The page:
2003 in high school track, I pulled my left (I think) hamstring running the two mile. I wasn't even running hard, I was just in track to stay in shape somewhat for football/wrestling.
Since I started weightlifting in about 2005, hamstrings have been what I think is my main weakness for any leg movement. I've obviously been trying to remedy that problem recently, since I got into powerlifting 8 months ago. My hamstrings often cramp up on bench press max attempts, and from what I can tell, are obviously the weak point of my deadlift and squat.
I very recently started doing some conditioning again. In fact tonight was my 2nd night of sprints. I pulled my right hamstring. I was a bit sore from the workout 2 days prior, so that is probably part of the issue.
Anywho, I have a plan for the short term rehab of this injury. What I am asking is: What's after that? How can I build up my hamstrings for strength and injury prevention, without overtraining, better than I am already? My log can be accessed for more info, but I think The early injuries occurred because my hamstrings just plain sucked, and the latest one happened due to overtraining. Any thoughts are appreciated.
watermelon_2001 makes a good point re: glutes. You will need to incorporate work that emphasizes glutes specifically while placing the hamstring complex in a secondary (ie synergistic role).
As you have noticed in one of your logs, GHR is simply too aggressive for you right now. Do not take the risk.
Although I agree with you doing leg curls (it puts emphasis on the biceps femoris short head), you may also want to include Romanian Deadlifts so the body learns to integrate hip movement with hamstring complex involvement. And it might not be a bad idea to stretch the quads between sets of hamstring work because this will help down regulate the quads (which are the antagonists in the said movements). Obviously do NOT stretch the quads between regular or sumo (if you do these at all) deads as there is some quad involvement and will screw up the lift.
So, yeah, I'd include RDLs more as accessory/therapy type of work utilizing a slow eccentric. The slow eccentric, in my experience, strengthens the connective tissue. It does, of course, cause more microtrauma so take this into account. I'd also use the slow eccentric for the leg curls as well (be sure to incorporate unilateral work into these).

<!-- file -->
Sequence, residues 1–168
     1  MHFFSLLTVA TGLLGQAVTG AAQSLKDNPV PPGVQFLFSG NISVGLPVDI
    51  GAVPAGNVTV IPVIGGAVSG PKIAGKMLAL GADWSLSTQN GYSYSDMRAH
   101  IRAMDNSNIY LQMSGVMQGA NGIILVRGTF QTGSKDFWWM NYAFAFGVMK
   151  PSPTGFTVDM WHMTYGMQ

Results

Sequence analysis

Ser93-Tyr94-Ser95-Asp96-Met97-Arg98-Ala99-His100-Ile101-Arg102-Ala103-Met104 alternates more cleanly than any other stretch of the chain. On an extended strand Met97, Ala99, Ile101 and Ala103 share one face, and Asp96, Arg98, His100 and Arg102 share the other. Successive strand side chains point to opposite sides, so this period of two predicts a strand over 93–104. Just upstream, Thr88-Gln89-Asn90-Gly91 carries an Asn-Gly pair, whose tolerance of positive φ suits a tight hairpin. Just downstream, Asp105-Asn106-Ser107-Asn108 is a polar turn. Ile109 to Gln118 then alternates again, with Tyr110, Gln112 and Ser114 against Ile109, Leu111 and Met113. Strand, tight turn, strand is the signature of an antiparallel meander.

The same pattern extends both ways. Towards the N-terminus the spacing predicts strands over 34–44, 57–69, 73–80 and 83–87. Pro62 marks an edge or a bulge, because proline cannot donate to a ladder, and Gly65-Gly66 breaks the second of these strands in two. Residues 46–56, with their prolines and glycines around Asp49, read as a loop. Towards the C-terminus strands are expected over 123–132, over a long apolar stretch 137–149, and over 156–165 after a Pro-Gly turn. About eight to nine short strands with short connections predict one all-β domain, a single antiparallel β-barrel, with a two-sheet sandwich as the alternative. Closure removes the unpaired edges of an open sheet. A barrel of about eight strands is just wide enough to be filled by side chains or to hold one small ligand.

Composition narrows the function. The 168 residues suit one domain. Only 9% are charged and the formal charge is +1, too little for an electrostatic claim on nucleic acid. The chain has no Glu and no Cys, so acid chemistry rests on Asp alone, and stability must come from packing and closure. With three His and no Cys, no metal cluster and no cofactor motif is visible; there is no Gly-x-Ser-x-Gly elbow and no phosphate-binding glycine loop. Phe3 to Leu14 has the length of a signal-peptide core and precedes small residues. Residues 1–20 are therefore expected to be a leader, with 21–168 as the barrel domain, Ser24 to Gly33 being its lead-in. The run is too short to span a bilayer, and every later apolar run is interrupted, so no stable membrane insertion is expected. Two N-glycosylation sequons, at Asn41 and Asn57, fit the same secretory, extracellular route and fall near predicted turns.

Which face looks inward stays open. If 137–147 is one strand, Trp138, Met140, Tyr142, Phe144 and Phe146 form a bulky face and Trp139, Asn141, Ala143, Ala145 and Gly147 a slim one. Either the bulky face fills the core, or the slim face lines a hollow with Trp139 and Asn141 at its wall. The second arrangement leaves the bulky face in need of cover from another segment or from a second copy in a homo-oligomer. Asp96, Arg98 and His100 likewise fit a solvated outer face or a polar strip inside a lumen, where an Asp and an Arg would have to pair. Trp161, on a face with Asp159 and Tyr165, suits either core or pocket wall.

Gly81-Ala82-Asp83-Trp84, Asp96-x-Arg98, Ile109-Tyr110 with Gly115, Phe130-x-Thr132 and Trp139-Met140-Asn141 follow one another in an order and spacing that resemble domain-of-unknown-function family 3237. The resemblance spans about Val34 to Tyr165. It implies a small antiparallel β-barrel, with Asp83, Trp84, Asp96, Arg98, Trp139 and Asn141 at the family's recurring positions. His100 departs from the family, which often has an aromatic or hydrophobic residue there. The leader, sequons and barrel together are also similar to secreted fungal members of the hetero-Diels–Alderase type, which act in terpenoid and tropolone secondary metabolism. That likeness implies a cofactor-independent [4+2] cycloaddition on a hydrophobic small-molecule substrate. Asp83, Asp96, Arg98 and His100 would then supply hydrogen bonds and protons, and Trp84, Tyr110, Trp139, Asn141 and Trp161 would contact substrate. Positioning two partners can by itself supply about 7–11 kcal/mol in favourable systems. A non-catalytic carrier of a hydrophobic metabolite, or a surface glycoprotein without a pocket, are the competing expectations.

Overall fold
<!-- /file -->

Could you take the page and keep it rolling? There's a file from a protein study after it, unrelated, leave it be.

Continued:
And, one of your logs stated that you drank too much the night prior to a workout. I'm stating the obvious - dehydration is not a good state to be in.
What about myofascial release? If the hamstrings are overactive, should they not be rolled prior to lifting, alongside some glute activation drills, to decrease muscle tone and give the glutes the chance to be the prime movers?
I've been thinking about RDL's, but my concern there is that I'm already borderline on overtraining my lower back (I've never trained it, at all until the last 8 months or so). Ditto for good-mornings. After deadlift day, the only thing that gets DOMS is my lower back, until the last one where I also did sprints that night. Basically the entire lower body was a bit sore, I should not have been doing hard sprints, but that's in the past.
Far as my posture, I guess I can't fully answer that question without an expert taking a look, but it seems like I might have some anterior pelvic tilt, might even be significant but not to the point of hyperlordosis. Can post a pic if that is helpful. The article here confirms what I had concluded myself, my posterior is weak.
There certainly will be overlap between the RDLs and good mornings. You should alterate between the two and not perform them on the same session. Also, there is the option of reducing the volume on deads to make room for either RDLs or good mornings OR even replace a dead session with a RDL session.
Perhaps a competitive power lifter can chime in on this. I would think the RDLs will allow you to get in extra volume on your grip work. Also, you mention an anterior pelvic tilt. It's not unusual to see this go up the kinetic chain this manner: anterior pelvic tilt -> excess lordosis at lumbar spine -> inability to extend at thoracic spine. Now, I'm not saying that you're suffering from this (impossible to tell via an online forum). However, if you are unable to properly extend at the thoracic spine, your scaps (shoulder blades) will most likely be in an anterior tilt as well. This means you may not be able to properly retract and depress the scaps when the bar is at the base of your neck as in the good morning. Long story short, perhaps the RDL is a better accessory lift for you at this particular stage.